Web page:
Adapted from the original email-letters from Paul Ovaitt - Original date 9/9,/2021
Shhh! The Libraries of Augusta.
Hello gentle readers, I’m back, and I hope all of you are well…and curious. Many of you will think you already know all there is to know about our libraries, but others may learn something new here. And speaking of new, I wish to start with what’s new, and work my way back to the 1800s.
So, what’s new? Well, sometime in the past year a tiny library popped up here on the ridge I roam. It’s at the top of the hill where Schluersburg Road meets Terry Road, on your right if you come from 94. It is on the property of Lynne and Jim _______, and it goes by the name of Lynne’s Little Free Library. I mentioned its existence to librarian Shawna Wheeler, and she said she had seen it when she was on goat feeding duty for the McCleod family. (Don’t you love small towns?) Then, she informed me it’s part of a larger organization called Little Free Library. Check it out: https://littlefreelibrary.org Turns out they even offer an app so you can find one wherever you travel. I have included a photo of my neighborhood library.
It's a safe bet that the next library, going back in time, is our beautiful County branch at Jackson and Locust, a lot previously owned by Dan Kemner. The building and land are owned by the town of Augusta, and the handsome structure was designed by architect, Alden Scott, who lived on
Augusta Bottom Road with his wife Barbara. (Sadly, Alden just died in July 2021.)
In an August 21 phone conversation, Barbara Scott told me the plans for a new library were in full swing just as real estate and construction were struggling with the downturn in the economy. When the call went out for bids on construction, Alden received nearly 200 bids! No doubt the builders were hungry for work, but who was going to examine all those bids? The town didn’t want to pay Alden to look at every bid, but Alden knew you couldn’t just grab the lowest price. So, he put in the extra hours it took to choose a builder, and T. S. Banze Construction of Warrenton was selected.
Like me, Barbara is a big fan of the new library. Here’s what she says about it: “I love the new library. I think it’s just precious and so…user-friendly. I love the colors in it, I love that they really spent some time to figure out the best way to do it…for the whole organization. It’s very welcoming.”
The Augusta Library Committee chairman at the time was Tom Diehl. Tom was quoted in the 7/16/08 Missourian, “My feeling has always been that these are the types of things a town owes its community. I feel strongly that a library is intrinsic to a community.”
Our new library opened March of 2010. The St. Charles County Library system leases the building, supplies the material, and currently staffs it with some of the most helpful librarians on the planet: Lisa Tucker, Shawna Wheeler, Olivia _____, and Leslie Blanchard. Even at the new location we still had Cathy Mosely until 2016 when she retired after 40 years of dedicated service. I recently spoke with Cathy for a little help with this story, but I was unable to record our conversation, hence I am now poring over my scribbled notes, so kindly overlook any inaccuracies. She did remind me that Susan Fifer, corner of High and Webster, worked for a while at the new location. And I think Cassie Gilliam worked at the new site also.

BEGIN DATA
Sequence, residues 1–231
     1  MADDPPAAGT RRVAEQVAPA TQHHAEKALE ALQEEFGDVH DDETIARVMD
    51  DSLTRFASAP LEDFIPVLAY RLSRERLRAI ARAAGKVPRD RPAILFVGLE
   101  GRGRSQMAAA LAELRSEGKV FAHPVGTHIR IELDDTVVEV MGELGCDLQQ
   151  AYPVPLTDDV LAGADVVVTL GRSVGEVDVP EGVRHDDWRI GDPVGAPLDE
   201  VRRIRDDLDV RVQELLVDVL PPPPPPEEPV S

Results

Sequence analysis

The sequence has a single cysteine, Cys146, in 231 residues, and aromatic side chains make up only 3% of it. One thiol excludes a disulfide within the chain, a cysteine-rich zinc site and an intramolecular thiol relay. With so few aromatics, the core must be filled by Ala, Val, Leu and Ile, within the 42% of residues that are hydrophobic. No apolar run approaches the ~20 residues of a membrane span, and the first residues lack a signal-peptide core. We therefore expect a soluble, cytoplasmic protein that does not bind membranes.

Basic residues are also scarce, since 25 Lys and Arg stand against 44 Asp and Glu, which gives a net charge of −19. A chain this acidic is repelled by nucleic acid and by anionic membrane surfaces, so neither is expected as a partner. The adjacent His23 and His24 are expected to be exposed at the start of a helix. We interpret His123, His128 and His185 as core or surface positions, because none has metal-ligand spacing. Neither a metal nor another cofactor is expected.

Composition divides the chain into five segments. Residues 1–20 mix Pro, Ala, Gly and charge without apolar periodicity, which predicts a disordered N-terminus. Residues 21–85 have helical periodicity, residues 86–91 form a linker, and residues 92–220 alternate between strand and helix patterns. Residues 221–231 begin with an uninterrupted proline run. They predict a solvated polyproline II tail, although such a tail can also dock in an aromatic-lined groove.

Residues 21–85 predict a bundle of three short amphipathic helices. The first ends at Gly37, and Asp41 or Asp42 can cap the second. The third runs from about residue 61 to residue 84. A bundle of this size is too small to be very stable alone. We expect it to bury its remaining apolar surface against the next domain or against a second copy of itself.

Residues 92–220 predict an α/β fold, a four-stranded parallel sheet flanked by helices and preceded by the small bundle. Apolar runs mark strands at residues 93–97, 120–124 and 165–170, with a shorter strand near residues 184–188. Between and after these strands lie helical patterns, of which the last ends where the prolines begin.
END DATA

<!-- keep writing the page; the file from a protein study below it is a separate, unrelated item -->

I suppose most of my gentle readers know that our previous library was on Walnut St. and the building it occupied is now the Augusta Visitor Center. Did you also know that the Walnut St. building is also the site of a previous post office? No...not the old post office at Walnut and Lower Street, which is owned by Chuck and Esther Nobe. Check out the c. 1910 photo of Walnut St. with the downtown store, an old post office, the roof of the wine hall, the building that later became the White House Tavern, and the Ebenezer steeple in plain sight. I don’t know if it was already a post office as early as the taking of the photo, but you might ask how I Know it ever was a post office. How do I know? Because Anita said so, and just to confirm, I spoke with Jan Mallinckrodt, whose late husband, Earl, started delivering mail from that location in the early 1960s. Earl took the job after a Mr. Meyer retired from his route.
The Augusta Library on Walnut St. opened August 29, 1976, but as Anita Mallinckrodt put it, not without a fight. In 1974, Marie Hackmann, in her Augusta news column (which I presume was in the Missourian), asked why St. Charles County was planning to add several branches but not in Augusta. She invited the public to attend a meeting at the Augusta fire hall on 3/14/74. Members of the county library board would attend and answer questions. But the library system maintained that “it was too costly to have a branch for such a small population so far from St. Charles; moreover, Augusta had Bookmobile service,” wrote Mallinckrodt.